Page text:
Tuesday, December 9, 2008

Ruth’s Legacy: The Calling of a Wife and Mother

I started my notes on this post on Nov. 5, while at my daughters’ cross-country meet. I had actually felt called upon to writing about Ruth while doing a mini-series on Callings back in September. I have to admit I was not very excited about the prospect. Ruth was a good girl and nothing very exciting happened to her. Unlike Esther, whose tale is highly dramatic. (She has always been my favorite – but I’ll have to save her for another post. See how I really don’t want to write about Ruth? And yet I feel compelled to.)

Wait just a minute here. Did I say nothing exciting ever happened to Ruth? How about becoming a widow, leaving your country with your mother-in-law, changing your religion, being thrust into a totally new culture, and then having to find a husband to take care of you and your mother-in-law? All this is told so succinctly, in such a matter-of-fact fashion, that you have to stop and re-read to let it all sink in.

After re-reading Ruth’s brief biography – which is only four chapters long – I knew I was going to need some time to thoroughly dissect it. For she was simple and good, and yet so much complexity lay underneath her actions, which were further complicated by distinct cultural morays. And her life account ends immediately after she gives birth to Obed, as if that was the sum total of her existence. Not exactly what we modern mothers want to hear, is it?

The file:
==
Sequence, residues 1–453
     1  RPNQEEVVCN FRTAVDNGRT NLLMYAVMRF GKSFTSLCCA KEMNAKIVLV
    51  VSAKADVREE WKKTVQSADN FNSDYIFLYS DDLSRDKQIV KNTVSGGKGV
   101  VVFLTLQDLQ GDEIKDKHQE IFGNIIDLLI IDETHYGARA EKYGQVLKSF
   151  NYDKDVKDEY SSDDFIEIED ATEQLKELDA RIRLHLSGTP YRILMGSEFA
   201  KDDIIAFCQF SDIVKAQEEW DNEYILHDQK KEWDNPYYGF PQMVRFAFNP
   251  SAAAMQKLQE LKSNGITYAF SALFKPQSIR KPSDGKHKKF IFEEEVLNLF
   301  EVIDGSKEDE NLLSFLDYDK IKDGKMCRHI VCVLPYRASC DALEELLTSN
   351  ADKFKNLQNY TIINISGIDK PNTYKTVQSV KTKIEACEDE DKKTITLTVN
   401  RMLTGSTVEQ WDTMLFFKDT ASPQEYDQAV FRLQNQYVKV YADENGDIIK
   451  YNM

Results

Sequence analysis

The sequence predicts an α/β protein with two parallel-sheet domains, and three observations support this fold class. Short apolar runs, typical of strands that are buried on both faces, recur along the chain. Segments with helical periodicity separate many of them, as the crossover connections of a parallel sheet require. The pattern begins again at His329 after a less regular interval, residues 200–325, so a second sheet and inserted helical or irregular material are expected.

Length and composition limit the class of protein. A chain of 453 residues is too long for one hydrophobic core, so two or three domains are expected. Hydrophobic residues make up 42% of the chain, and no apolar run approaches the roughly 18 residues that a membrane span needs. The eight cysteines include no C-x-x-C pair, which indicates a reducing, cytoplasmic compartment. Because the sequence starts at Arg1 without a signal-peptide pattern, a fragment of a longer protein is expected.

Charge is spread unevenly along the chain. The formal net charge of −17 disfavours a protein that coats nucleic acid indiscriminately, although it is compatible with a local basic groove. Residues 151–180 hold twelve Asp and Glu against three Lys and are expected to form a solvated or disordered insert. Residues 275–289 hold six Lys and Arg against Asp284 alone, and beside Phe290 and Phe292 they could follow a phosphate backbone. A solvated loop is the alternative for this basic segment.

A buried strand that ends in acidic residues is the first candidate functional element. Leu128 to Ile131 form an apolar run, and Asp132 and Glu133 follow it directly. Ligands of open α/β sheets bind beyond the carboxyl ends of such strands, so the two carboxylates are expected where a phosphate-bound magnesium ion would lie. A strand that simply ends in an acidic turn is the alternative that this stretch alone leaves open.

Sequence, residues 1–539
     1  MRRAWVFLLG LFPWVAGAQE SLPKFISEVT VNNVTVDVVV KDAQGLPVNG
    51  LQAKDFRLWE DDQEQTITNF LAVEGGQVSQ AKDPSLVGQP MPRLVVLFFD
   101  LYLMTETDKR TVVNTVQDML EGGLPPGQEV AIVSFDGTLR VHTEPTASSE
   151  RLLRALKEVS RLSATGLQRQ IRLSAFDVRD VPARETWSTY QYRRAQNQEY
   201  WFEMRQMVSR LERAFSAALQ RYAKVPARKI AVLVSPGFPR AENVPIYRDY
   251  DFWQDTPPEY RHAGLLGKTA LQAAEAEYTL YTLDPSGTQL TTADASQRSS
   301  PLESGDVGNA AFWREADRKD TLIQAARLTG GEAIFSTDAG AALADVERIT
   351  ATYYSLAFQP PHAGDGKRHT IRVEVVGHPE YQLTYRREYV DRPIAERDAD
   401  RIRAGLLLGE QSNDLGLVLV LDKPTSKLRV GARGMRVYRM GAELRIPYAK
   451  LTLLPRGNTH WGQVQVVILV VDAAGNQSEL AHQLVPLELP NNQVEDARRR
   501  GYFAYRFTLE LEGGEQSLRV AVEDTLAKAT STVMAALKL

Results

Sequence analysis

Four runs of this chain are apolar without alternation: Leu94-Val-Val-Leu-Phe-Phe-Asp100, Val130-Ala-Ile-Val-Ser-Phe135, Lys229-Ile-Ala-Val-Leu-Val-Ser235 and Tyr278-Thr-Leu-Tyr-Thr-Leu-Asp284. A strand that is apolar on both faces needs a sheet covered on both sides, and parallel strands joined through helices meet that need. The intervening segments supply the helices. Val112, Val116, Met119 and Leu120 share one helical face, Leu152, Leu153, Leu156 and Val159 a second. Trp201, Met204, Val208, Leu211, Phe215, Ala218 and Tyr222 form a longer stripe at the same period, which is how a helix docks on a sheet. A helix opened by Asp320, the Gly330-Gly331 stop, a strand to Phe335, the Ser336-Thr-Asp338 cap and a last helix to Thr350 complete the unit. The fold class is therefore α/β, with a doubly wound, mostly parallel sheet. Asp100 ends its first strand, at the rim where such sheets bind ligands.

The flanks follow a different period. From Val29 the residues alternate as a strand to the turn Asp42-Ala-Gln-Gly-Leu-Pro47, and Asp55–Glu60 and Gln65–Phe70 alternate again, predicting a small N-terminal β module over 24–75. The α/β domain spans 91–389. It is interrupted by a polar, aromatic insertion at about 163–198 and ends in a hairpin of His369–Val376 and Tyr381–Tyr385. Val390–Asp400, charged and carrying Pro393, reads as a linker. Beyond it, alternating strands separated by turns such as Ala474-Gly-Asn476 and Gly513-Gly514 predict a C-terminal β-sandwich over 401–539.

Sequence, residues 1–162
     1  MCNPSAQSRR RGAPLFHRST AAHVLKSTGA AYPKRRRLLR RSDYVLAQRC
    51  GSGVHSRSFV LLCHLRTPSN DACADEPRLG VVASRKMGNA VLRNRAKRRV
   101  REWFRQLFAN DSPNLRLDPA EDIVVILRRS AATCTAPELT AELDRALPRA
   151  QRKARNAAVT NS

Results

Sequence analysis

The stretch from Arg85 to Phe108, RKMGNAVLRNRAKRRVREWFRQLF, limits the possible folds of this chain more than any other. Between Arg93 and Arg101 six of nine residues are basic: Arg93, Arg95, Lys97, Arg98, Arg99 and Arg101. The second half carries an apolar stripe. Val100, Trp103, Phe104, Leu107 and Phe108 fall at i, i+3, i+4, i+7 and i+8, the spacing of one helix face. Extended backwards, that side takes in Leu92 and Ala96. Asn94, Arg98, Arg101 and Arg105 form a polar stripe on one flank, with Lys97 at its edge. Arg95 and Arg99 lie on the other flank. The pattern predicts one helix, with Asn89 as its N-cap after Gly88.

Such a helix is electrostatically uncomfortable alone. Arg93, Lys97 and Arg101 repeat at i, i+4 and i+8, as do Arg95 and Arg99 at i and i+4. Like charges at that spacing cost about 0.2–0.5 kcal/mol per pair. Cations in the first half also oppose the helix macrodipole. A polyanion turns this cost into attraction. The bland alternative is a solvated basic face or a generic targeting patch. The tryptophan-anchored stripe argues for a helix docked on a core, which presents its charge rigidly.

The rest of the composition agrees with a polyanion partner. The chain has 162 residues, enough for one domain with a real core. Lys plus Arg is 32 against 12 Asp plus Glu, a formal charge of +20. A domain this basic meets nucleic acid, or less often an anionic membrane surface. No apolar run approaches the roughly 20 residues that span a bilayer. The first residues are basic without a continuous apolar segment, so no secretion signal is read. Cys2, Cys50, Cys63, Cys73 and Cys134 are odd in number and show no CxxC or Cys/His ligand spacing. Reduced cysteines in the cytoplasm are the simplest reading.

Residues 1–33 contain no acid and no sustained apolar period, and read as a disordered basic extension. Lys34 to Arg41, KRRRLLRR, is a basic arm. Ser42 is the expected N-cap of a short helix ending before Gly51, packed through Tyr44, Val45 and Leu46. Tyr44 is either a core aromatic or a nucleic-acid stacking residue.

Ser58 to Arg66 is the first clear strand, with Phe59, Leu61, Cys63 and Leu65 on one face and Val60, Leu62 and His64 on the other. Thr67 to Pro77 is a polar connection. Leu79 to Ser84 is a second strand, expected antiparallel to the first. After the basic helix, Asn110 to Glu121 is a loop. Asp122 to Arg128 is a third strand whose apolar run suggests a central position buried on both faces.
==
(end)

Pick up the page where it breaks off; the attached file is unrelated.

Then I thought of my own family tree. I have the advantage of having had young parents and grandparents, who could remember several generations back. I have recorded their names, countries, and careers, if any. What stories have I heard about them? Most of them relate to the romance that led to the marriages, and the subsequent children they had. After all, that is what a family tree is.

I believe Ruth’s place in the Jesse Tree is the primary reason for her inclusion in the Old Testament. She most likely had a wonderful life, having a loving husband who held a good position in the community. She may have gone on to do many fulfilling things. We don’t hear about that because it is not pertinent to her role in the ancestry of Jesus.

There are many days when we mothers may feel as if we were cut out for much more than picking up after the house, breaking up fights between siblings, and making dinner. It is then that we must freeze that moment in time and fit it into a larger timeline. Imagine that one day on the timeline of your whole life, from birth to (hopefully) old age. How many years out of your life will you actually spend caring for children? Perhaps 20 – a quarter of your life. Now imagine that upon this quarter of your life rests your legacy – what your children, grandchildren, and great-grandchildren will be told about you. The other three-quarters can be used as you wish. That sounds like a real bargain.

Suddenly, I no longer feel the need to dissect the story of Ruth any further. I have gleaned from her story all I need to at this point in my life. Perhaps when I am older I will read it again and find something else.

Ruth and Boaz are symbolized on the Jesse Tree as a symbol of wheat. The suggested readings are Ruth 1:16; 2:2, 8, 10-12; 4:13-14

Painting: “Ruth Gleaning.” James Tissot, 1896-1900. Christian Theological Seminary

1 comment:

Loren Christie said...

and...imagine seeing into the future the generations of children that are born as a result of your "yes" to motherhood. This is a very thoughtful post, and pertinent to me. I grumble sometimes about some aspects of motherhood. So, thank you.

P.S. Artichokes are easy to eat. You scoop out the stuffing, and bite off the ends only (of the leaves). Then, when you get to the heart, you scrape off the fuzzy stuff. Sounds barbaric, but it's just a vegetable.